Home Microsoft Silverlight to be Installed on Millions of HP Computers

Microsoft Silverlight to be Installed on Millions of HP Computers

Microsoft announced this morning that HP computers will soon be shipped with Live.com as their default search engine. The big news, though, isn’t that Live’s hit-it-with-a-stick ugly search results will be placed in front of millions of eyes. The most important part of the announcement is that the search toolbar will be powered by Silverlight, Microsoft’s product that competes with the nearly ubiquitous Flash from Adobe. The competition could be great for consumers.

Many people who have never changed their default search engine will discover how easy it is to do after a few days of using Live instead of Google. As Emil Protalinski writes at Ars Technica, though, going to the trouble of uninstalling Silverlight is something almost no one is likely to do.

Market Adoption so Far

Microsoft is working hard to spread Silverlight. It’s cut deals with NBC for their online Olympic coverage, with Major League Baseball, and with Nokia. Oprah uses Silverlight. You, dear reader, will have Silverlight on your computer soon if you don’t already.

Silverlight works closely now with .NET, it’s available for Macs and Linux as well as Windows machines and mobile phones. Now Silverlight will see millions of default installs, an even better motivator than requiring a download to watch the Olympics online. Despite Microsoft’s efforts, Silverlight adoption is probably minimal so far though it launched a year ago. That could change relatively quickly, though.

The Impact of the HP Deal

“In the first quarter of 2008,” writes power blogger Larry Dignan at ZDNet, “HP shipped about 3.9 million PCs to the U.S. and Canada. So let’s project an even 4 million a quarter for simplicity’s sake for 16 million PC units from HP in 2008 in the U.S. In 2009, we’ll throw out 18 million PCs as a guesstimate for U.S. shipments.”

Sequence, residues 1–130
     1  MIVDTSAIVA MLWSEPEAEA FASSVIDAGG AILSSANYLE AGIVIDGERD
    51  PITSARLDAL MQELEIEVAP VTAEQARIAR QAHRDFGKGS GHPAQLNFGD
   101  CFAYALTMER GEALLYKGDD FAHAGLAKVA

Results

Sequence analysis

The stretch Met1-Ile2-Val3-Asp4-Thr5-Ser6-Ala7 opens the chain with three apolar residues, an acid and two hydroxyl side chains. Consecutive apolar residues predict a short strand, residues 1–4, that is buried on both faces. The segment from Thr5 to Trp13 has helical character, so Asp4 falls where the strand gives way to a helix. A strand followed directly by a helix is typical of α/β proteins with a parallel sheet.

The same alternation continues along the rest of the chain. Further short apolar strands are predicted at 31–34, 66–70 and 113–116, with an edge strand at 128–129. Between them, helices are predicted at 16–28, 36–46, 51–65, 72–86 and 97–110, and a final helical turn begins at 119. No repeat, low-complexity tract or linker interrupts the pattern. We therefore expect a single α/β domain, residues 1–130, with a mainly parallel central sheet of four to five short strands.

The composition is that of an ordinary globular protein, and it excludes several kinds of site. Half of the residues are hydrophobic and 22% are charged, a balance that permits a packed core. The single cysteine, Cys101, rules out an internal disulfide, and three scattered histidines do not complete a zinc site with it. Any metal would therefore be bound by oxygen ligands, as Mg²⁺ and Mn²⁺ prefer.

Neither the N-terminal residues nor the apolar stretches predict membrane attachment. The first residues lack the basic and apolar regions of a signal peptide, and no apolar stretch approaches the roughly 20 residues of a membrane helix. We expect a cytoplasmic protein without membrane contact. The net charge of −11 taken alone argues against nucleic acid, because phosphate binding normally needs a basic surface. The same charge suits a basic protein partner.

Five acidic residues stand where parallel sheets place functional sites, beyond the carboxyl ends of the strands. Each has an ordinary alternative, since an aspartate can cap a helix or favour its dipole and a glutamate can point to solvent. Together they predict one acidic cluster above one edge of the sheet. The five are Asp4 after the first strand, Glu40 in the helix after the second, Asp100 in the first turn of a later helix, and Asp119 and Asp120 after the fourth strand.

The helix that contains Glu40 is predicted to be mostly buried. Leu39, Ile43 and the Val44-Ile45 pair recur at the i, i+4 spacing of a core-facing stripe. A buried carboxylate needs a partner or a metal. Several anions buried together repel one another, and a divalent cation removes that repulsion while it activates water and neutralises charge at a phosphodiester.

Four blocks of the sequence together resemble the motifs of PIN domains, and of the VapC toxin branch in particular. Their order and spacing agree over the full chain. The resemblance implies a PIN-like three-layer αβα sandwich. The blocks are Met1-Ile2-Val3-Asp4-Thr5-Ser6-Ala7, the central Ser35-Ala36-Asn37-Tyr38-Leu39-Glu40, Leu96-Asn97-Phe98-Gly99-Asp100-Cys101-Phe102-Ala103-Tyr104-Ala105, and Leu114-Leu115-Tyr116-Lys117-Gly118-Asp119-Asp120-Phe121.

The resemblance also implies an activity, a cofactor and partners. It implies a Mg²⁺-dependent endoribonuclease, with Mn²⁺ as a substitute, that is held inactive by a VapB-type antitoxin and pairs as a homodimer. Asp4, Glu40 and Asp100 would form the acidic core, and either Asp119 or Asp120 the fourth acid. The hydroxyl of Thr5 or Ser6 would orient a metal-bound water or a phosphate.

That’s another good chunk taken out of the lead Adobe has with Flash. Adobe claims that 98% of US web users have Adobe Flash installed. Update: Adobe’s John Dowdell drops by in comments below to say we are insane and point out that Flash 9 installs are still going at a pace that makes HP computer sales look like nothing. Point taken and perspective revised. While the new Acrobat release will likely spread adoption of similarly competitive product Adobe AIR in a similar fashion, this HP deal is big for Silverlight.

We’re hearing reports that Silverlight is being offered as an optional download in the latest Windows update, too. Should HP owners feel offended?


Today a substantial preponderance of the most creative people working in visual content online work in Flash. Deals like today’s are likely to change that in the near future. To its credit, some people say that Silverlight has a much bigger vision than Flash, Flex and AIR and thus isn’t really competing with Adobe. That’s hard to believe though.

For a more skeptical perspective on the whole field of Rich Internet Applications, see Stephen O’Grady’s very good RIA Q&A.

Despite arguments otherwise, we believe that cross-platform mixed online/offline development environments with appealing user experiences have a whole lot of potential. The rise of Silverlight is important to keep a fire under Adobe at the very least, and it is likely to offer some very compelling applications of its own in the near term future.

For an in depth look at Silverlight compared to Adobe’s products, check out the this podcast , wherein Colin Birch spoke to Pete Barr-Watson and Jon Harris of Microsoft, and Mike Downey from Adobe.

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